In light of the conflict of interest many spine surgeons have because of their affiliation with the industry, alternative modern approaches to the problem such as conservative scoliosis specialists, could assess and discuss the benefits and risks of spinal surgery without bias, provide access to conservative rehabilitation and psychological support. Therefore it could be possible that the only evidence based indication for surgery (psychological distress associated with self image) could be ruled out altogether. This seems even more important when one is aware of the risks of surgical scoliosis treatment.
Spinal Surgeons currently recommend spinal fusion surgery for those with AIS presenting with a Cobb angle of >40 to 45deg or have a perceived risk of curve progression (evidence suggests there is no way to accurately predict curve progression). In spinal fusion the vertebrae are accessed via posterior, anterior, or thoracoscopic incisions. These surgical techniques use the spine as a structural scaffold, cementing the steel rods, screws and wires onto the vertebrae with a bone paste aimed at improving overall spine alignment. The choice of instrumentation used to fuse the spine is based solely on the preferences of the individual surgeon.
These spinal fusion surgeries are conducted with the expectation that the operation will heal well and remain sturdy throughout the patient's lifespan. Early attempts at spinal fusion surgery aimed to leave patients with a mild residual deformity but failed to live up to such expectations. Since then aims of surgery have been revised to the more modest goals of preventing progression, restoring 'acceptability' of the clinical deformity and reducing curvature.
Scoliosis surgery has a varying but consistently high rate of complication, which may be under reported considering many long term risks are yet to be investigated. In view of the fact that there is no evidence to suggest the health and function related signs and symptoms of scoliosis can be altered by spinal fusion in the long term, a clear medical indication for this treatment cannot be derived.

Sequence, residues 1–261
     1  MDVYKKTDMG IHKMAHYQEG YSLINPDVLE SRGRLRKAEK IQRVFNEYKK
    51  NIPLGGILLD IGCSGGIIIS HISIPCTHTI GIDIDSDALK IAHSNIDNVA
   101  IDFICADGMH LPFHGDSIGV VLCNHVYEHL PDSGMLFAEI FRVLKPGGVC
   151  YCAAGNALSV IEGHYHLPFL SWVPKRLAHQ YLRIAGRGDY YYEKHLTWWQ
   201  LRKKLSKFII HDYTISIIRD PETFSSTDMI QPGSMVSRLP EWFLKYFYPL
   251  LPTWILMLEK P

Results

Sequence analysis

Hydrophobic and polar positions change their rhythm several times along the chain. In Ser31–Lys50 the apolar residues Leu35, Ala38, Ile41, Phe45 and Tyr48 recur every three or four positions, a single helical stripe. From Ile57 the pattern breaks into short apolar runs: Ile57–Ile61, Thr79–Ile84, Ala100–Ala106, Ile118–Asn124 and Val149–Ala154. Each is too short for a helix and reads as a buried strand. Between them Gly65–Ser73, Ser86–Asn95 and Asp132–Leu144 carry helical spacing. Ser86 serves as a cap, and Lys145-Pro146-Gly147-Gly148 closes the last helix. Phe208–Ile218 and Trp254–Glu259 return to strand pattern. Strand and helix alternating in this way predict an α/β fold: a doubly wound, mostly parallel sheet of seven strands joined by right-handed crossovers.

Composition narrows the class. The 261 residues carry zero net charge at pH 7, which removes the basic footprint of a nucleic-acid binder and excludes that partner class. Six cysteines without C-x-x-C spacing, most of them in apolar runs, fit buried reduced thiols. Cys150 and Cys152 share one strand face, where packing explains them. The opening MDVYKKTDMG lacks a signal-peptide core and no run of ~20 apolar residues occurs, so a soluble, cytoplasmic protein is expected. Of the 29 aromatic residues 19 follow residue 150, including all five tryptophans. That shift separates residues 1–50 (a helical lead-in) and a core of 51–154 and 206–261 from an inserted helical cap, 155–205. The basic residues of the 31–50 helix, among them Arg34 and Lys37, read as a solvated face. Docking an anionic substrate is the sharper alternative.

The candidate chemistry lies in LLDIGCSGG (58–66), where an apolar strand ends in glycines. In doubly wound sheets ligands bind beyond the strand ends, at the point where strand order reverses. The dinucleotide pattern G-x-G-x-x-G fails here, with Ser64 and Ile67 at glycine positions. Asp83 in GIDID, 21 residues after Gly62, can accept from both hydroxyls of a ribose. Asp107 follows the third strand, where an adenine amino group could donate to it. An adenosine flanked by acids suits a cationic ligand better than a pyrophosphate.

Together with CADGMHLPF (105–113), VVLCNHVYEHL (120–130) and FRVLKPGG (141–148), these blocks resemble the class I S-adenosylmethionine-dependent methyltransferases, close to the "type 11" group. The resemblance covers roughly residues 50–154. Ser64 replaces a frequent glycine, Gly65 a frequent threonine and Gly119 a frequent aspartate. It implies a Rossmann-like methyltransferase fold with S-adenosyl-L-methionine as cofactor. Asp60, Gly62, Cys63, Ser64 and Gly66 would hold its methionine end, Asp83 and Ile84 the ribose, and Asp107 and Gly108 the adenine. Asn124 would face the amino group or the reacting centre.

Risks of spinal fusion include:
General Surgical Risks
Blood loss, urinary infections, pancreatitis, obstructive bowel dysfunction, neurological damage and death.
Loss of Normal Spine Function
In all spinal fusions there is an irreversible loss of normal active and passive range of movement of the spine, including the non-fused segments. When compared to control subjects, the ability to side flex is reduced by 20 - 60% (Winter et al, 1997). This loss of segmental range of motion has gained little significance in the literature especially in relation to the negative effects upon patient health, function and quality of life.
Winter et al (1997) argued that "it has long been a clinical observation by surgeons who manage scoliosis that patients seem to function well and be relatively unaware of spinal stiffness, even after many motion segments have been fused", however no data in support of this observation is provided. The evidence has actually shown that in conservatively managed cases, pain increases as flexibility decreases.
Strain on Other Vertebrae
The fused spine causes increased strain to be placed on the unfused components of the skeleton and in severe cases, results in stress fractures. More commonly reported are post fusion degenerative changes, which occur in adolescents and adults, sometimes within 2 years after surgery. A higher degree of curve re-alignment results in a higher rate of degenerative osteoarthritis and the high stress on the fused vertebral segments means that even low level forces can cause serious injuries. Surgeons currently recommend that in surgically treated scoliosis patients, trauma physicians should have a high level of suspicion for potential spinal injuries above the site of the previous multi-level fusion.
Post Surgical Pain
Pain is the primary reason surgeons opt for re-operation. The reason for and mechanism surrounding increased spinal pain post surgery is not well understood. But still the overwhelming answer for surgeons seems to be to re-operate. In a study which involved 190 patients, 19% were directed towards re-operation within 2 to 8 years after surgery (Cook et al, 2000). For the 27 patients who underwent re-operation 41% did not report a reduction in pain, and a further 26% were very unhappy with the final outcome (Voos et al, 2001). Pain at the iliac graft site and associated with rib-resection, has also now been formally published; of 87 patients, 24% complained of pain at the graft site, 15% reporting pain to a level which interfered with activities of daily living (Skaggs et al, 2000).
Infection and Inflammation